GSA Annual Meeting in Indianapolis, Indiana, USA - 2018

Paper No. 115-14
Presentation Time: 9:00 AM-6:30 PM


WARNOCK, Rachel C.M.1, PETT, Walker2, GAVRYUSHKINA, Alexandra1, HEATH, Tracy A.2, STADLER, Tanja1 and DUNHILL, Alexander M.3, (1)Department of Biosystems Sciences & Engineering, ETH Zurich, Basel, 4058, Switzerland, (2)Dept. Ecology, Evolution, & Organismal Biology, Iowa State University, Ames, IA 50011, (3)School of Earth and Environment, University of Leeds, Woodhouse Lane, Leeds, LS2 9JT, United Kingdom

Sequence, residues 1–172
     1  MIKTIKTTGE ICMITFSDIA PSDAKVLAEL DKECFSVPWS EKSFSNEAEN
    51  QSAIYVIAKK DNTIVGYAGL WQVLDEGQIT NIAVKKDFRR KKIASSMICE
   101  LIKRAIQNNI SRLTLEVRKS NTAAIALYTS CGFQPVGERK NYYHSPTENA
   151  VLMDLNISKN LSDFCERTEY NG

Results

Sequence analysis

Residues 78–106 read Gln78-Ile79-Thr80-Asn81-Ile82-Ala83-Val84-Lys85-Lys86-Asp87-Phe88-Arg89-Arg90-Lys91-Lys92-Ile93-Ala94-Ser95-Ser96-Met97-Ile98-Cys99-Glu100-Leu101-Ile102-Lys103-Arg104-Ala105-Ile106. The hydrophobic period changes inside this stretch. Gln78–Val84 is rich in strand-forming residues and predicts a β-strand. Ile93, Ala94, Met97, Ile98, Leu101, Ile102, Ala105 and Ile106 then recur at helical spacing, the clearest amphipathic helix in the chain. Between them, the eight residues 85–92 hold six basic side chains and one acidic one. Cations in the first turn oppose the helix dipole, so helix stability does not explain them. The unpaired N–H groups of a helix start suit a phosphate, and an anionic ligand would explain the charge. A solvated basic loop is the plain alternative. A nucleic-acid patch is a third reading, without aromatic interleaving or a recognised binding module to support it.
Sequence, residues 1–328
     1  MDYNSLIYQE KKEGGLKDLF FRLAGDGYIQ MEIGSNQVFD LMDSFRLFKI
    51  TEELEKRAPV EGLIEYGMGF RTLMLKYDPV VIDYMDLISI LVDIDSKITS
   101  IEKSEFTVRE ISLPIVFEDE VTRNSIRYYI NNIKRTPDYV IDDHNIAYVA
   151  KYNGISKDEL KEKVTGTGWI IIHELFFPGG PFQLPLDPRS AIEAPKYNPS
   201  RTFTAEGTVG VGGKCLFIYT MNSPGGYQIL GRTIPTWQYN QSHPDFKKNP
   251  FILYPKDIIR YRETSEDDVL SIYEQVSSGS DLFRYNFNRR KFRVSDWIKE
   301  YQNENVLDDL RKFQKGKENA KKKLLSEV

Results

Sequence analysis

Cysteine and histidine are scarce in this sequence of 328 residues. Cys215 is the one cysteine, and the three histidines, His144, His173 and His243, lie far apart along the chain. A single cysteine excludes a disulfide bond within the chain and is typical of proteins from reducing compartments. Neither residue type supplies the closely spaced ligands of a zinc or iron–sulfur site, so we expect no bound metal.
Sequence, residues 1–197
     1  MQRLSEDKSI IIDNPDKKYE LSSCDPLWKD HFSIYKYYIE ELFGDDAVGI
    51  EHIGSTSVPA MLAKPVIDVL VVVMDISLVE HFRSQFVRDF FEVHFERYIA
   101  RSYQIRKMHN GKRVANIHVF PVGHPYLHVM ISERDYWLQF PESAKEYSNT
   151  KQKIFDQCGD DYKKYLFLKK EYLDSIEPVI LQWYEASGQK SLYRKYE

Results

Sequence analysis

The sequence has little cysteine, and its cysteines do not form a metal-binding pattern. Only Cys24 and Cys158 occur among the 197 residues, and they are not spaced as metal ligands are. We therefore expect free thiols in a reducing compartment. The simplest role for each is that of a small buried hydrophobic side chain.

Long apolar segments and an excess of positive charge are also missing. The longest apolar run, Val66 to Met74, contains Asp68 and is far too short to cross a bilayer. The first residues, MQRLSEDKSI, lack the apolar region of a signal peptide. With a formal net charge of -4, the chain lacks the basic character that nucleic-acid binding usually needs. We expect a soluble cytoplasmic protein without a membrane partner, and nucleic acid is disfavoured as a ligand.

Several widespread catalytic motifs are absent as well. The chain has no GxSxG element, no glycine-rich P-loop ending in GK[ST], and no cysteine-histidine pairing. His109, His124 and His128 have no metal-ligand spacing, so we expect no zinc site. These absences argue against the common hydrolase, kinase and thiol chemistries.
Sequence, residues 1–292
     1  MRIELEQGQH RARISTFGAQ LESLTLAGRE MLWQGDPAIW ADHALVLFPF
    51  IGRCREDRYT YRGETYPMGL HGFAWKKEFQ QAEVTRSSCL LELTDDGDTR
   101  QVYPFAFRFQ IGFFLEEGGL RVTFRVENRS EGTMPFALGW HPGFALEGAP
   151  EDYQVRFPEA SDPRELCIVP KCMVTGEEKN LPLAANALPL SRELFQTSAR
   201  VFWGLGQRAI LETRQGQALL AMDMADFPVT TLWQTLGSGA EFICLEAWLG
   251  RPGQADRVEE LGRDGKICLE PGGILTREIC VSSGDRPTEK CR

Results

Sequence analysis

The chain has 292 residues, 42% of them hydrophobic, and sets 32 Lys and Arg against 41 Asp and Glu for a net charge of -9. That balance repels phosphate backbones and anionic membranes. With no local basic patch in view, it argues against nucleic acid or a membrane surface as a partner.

The Late Triassic extinction event led to a substantial loss of biodiversity but the underlying drivers of this event appear complex, and it has not been established whether this was a sudden or gradual event. We address this question using the fossilized birth-death (FBD) range model and global stratigraphic range data for 14 marine invertebrate classes. The FBD process is a phylogenetic model that incorporates the species diversification and fossil sampling processes explicitly. The model can be applied to the analysis of stratigraphic ranges and used to estimate speciation and extinction rates during different geological intervals. In this model, fossils are distributed over time according to a uniform Poisson sampling process, and rates may vary across intervals in a piecewise manner. We introduce an extension of the model that allows for the possibility that we may only know whether a given taxon was sampled or not during each geological interval, but not the frequency or at which precise time points the taxon was sampled (referred to as presence/absence sampling). We assess the performance of our modelling framework using simulations and demonstrate that although precision decreases given presence/absence data, we still obtain reliable estimates of diversification and sampling parameters. We apply the new model to the analysis of the Triassic-Jurassic extinction interval, for which presence/absence data only is available at the sub-stage level, and we re-examine the diversification dynamics across this important and turbulent episode in earth’s history. Together, our findings demonstrate the importance of explicitly accommodating the diversification and sampling processes in combination. Our new model should be of broad application in paleodiversity studies, given that many fossil datasets are comprised of presence/absence data only, making it challenging to analyze such datasets using existing phylogenetic models. Future development of phylogenetic models in palaeobiology should continue to consider seriously the nature of the incompleteness of fossil occurrence databases.